How much of the original Linux kernel is still around?

While thinking about Linux (because I’m weird), a question came up in my mind. How much of the kernel as it was originally written by Torvalds in 1991 remains in the current stable release ( according to wikipedia)? How many lines of code are the same? Is there any part of it that hasn’t been rewritten?

I doubt there’s much, if any at all. The first kernel was essentially reliant on Minix, hardwired for Finnish keyboards and heavily biased toward x86. Torvalds claimed the system was basically unportable to anything other than a 386 and gcc, but was ported to other architectures relatively quickly (probably entailing extensive rewriting).

:confused: Linus Torvalds is still writing updates to the kernel. Rumors that Linus has a new version always creates a huge buzz in the Linux community. He may have rewritten most of the code since 1991.

I’m talking about the original version of the kernel as he released it in 1991.

I doubt much of the original is still around, but you might find some code from the 1.0 kernel unchanged. Probably not much, they often rewrite certain parts of the kernel from scratch, but surely a few lines of code have worked through the years.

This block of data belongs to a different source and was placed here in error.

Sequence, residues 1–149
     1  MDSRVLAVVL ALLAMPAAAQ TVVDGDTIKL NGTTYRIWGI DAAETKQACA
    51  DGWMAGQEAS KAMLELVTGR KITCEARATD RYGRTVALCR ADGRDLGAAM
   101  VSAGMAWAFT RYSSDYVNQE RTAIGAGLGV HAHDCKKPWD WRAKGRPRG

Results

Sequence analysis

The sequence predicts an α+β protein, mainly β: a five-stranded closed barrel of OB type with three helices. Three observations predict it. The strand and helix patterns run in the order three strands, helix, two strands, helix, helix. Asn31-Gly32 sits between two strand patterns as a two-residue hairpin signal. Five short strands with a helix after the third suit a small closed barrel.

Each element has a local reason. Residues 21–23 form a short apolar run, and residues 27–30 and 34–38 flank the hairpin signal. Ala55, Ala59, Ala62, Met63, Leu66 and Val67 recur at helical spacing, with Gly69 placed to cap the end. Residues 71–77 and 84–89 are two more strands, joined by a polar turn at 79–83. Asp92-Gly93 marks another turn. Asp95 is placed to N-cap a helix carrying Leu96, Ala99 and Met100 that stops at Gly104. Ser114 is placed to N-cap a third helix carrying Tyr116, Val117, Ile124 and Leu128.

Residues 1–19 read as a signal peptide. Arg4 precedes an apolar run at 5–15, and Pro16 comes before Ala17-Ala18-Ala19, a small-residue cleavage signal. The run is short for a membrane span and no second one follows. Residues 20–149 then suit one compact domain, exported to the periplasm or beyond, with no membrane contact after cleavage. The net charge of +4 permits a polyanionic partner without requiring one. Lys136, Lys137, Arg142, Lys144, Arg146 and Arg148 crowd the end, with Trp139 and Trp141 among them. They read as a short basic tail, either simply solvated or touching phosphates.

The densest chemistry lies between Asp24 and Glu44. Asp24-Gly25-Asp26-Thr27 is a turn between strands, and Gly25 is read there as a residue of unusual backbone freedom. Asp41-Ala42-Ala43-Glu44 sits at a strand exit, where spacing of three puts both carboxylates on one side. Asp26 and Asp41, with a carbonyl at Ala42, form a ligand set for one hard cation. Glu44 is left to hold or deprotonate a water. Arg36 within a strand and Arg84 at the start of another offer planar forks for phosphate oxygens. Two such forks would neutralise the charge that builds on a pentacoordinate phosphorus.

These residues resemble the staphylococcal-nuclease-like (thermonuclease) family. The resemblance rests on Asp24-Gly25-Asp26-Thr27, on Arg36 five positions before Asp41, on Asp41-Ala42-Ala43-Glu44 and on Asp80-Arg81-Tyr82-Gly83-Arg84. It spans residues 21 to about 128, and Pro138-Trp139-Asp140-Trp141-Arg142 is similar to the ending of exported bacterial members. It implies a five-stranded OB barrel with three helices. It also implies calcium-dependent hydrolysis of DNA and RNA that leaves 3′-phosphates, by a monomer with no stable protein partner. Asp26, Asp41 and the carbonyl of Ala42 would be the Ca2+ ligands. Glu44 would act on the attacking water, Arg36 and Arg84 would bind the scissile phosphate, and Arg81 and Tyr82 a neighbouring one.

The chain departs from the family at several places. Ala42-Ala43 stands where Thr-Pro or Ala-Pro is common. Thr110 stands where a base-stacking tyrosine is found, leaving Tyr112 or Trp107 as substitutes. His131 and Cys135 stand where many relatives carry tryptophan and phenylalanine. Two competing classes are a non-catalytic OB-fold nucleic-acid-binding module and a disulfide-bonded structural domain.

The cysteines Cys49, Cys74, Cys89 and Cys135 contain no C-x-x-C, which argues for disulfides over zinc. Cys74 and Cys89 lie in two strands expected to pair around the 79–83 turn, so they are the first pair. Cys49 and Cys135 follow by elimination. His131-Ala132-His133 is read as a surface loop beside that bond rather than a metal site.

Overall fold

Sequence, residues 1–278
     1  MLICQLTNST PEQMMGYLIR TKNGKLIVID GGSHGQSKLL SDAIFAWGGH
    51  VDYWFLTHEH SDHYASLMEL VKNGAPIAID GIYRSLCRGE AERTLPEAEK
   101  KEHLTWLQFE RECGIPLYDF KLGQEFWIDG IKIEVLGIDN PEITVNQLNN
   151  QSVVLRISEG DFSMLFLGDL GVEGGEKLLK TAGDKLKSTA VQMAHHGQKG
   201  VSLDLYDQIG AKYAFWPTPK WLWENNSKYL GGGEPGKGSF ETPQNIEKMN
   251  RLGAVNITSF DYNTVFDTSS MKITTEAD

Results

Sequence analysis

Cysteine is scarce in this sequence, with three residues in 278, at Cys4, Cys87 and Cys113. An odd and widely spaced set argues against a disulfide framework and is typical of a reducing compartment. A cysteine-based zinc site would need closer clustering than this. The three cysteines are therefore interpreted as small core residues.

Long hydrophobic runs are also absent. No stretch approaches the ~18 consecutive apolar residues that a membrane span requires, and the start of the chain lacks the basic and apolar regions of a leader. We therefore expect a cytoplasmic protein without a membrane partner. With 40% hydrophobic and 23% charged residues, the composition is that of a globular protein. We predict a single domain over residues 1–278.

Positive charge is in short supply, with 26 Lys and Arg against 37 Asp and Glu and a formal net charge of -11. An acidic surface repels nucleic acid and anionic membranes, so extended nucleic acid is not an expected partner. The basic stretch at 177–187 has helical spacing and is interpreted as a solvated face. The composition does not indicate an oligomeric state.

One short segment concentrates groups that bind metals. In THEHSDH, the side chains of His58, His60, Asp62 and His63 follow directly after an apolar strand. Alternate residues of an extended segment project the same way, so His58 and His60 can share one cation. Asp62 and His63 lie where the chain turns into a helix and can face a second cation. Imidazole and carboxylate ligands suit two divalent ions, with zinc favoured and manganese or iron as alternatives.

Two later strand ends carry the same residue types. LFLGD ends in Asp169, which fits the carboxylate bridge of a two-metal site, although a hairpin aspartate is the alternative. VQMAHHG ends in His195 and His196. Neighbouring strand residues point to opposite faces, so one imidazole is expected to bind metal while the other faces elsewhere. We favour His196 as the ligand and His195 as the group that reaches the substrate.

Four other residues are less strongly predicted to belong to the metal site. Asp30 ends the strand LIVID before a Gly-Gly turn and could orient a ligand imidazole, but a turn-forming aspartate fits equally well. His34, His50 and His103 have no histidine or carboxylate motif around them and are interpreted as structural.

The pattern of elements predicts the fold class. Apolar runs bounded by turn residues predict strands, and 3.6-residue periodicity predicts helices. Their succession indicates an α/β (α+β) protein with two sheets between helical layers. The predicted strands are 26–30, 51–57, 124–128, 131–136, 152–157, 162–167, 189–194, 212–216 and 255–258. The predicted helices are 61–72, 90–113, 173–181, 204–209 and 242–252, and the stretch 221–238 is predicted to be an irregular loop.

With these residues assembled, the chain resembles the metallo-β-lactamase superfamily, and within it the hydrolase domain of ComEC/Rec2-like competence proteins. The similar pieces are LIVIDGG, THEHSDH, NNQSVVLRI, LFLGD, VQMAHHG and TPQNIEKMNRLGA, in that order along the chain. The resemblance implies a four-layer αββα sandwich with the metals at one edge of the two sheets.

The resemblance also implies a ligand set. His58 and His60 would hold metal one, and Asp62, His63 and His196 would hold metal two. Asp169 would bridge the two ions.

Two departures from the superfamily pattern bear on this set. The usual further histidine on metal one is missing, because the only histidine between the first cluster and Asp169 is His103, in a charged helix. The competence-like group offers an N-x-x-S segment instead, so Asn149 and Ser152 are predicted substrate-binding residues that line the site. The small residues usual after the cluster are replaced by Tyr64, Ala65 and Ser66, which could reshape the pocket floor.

This should be easy enough to test. Grab the current kernel source, plus the source of the first kernel, and run some diffs.

Hold on a moment…

Ok, there are no files at all in the linux-1.0 distribution that are identical (ignoring whitespace) to their counterparts in the 2.6.33-rc3 branch.

I checked a few basic header files but even there the changes appear to be large.

Interesting. I think this may be an example of Theseus’ paradox. If all the parts have been replaced, is it still the same thing?

Interesting, I thought he had coded more than that.
Apparently, nearly all the code from 1991 has been replaced.

Unfortunately, Wikipedia doesn’t say how much, if any, of that 2% was present in the original kernel.

Well, it’s also grown a bit. The 1.0 version had 141,361 lines in 282 .c files. My (patched) 2.6.33-rc3 branch has 9,329,339 lines in 15895 .c files. That’s about 66 times the size of the “original”.

I’m amazed the git allows you to switch between branches as fast as it does with that much code (by the way, the Linus’s git repo only records the history going back to 2005 / 2.6.12-rc2, so you can’t use it to track the differences all the way back to 1.0 - and the early stages weren’t in a version tracker as far as I know).

git infrastructure has improved a lot since 2005, but I doubt many people are interested in a 3+ Gb repository - the current one is “only” 372Mb, which saves a bit on download time.

The majority of contributed code added to the Linux kernel comes from private corporations, now.